This study summarises the existing literature on Mindfulness-Based Interventions (MBIs) and their effect on employee well-being criteria and extends it by testing MBIs against a Mindfulness-Strengths-Based Intervention (MSBI). Given that extant MBIs focus on restoring well-being, our first hypothesis was that MBIs would perform better on reducing negative emotional states than on promoting well-being. To test our first hypothesis, we conducted a second-order meta-analysis, which summarised 13 first-order meta-analyses (k = 311). MBIs had stronger effects on reducing negative emotions (g = −0.74) than on increasing well-being (g = 0.58). Then, we conducted a follow-up field experiment, comparing how an MSBI performed against an MBI on employee well-being criteria. An MSBI combines mindful meditation, mindful living and Character-Strengths-Based Interventions. Our second hypothesis was that an MSBI would outperform an MBI on increasing employee well-being criteria. During an MSBI, participants (a) attain a conscious state of mindful awareness, and (b) direct their attention towards the discovery and habitual exercise of their character strengths. To test our second hypothesis, we randomly assigned employees of a small Spanish healthcare organisation to either an MSBI or an MBI intervention group. We measured employee well-being, before and after the intervention, using two well-established measures of hedonic and eudaimonic well-being. Our results show that both interventions were successful and had a large effect on both well-being criteria. Further, as predicted, the MSBI group reported higher absolute scores of well-being than the MBI group. Implications for theory and practice are discussed, and detailed appendices for practitioners are provided.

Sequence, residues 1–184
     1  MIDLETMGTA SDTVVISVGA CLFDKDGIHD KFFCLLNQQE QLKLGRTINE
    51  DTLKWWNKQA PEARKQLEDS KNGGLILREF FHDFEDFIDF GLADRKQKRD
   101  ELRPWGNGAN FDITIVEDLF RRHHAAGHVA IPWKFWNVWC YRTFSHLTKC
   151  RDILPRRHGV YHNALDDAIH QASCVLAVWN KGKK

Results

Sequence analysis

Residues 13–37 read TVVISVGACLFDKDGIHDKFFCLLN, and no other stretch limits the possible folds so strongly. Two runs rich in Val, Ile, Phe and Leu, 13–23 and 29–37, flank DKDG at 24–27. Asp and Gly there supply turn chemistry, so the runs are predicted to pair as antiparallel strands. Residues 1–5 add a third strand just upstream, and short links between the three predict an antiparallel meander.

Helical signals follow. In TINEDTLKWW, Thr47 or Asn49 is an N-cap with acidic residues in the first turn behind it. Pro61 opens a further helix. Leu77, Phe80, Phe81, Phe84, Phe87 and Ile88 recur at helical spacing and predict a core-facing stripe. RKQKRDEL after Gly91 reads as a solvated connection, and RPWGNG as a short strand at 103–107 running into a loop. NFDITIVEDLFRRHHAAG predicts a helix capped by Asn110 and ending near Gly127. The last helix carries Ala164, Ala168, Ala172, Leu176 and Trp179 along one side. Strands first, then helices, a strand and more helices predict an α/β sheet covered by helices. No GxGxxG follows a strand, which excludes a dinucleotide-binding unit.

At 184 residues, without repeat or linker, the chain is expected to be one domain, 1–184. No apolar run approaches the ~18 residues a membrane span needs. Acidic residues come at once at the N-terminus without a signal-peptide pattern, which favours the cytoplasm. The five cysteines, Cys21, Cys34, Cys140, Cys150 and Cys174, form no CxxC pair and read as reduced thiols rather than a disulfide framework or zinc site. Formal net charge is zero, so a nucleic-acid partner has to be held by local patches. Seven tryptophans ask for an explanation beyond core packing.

|Number of pages||38|
|Journal||Human Resource Management Journal|
|Publication status||Published - 13 May 2021|
Bibliographical noteFunding Information:
We would like to thank associate editor Kaifeng Jiang and three anonymous reviewers for their insightful comments during the review process on how to improve our manuscript.
© 2021 The Authors. Human Resource Management Journal published by John Wiley & Sons Ltd.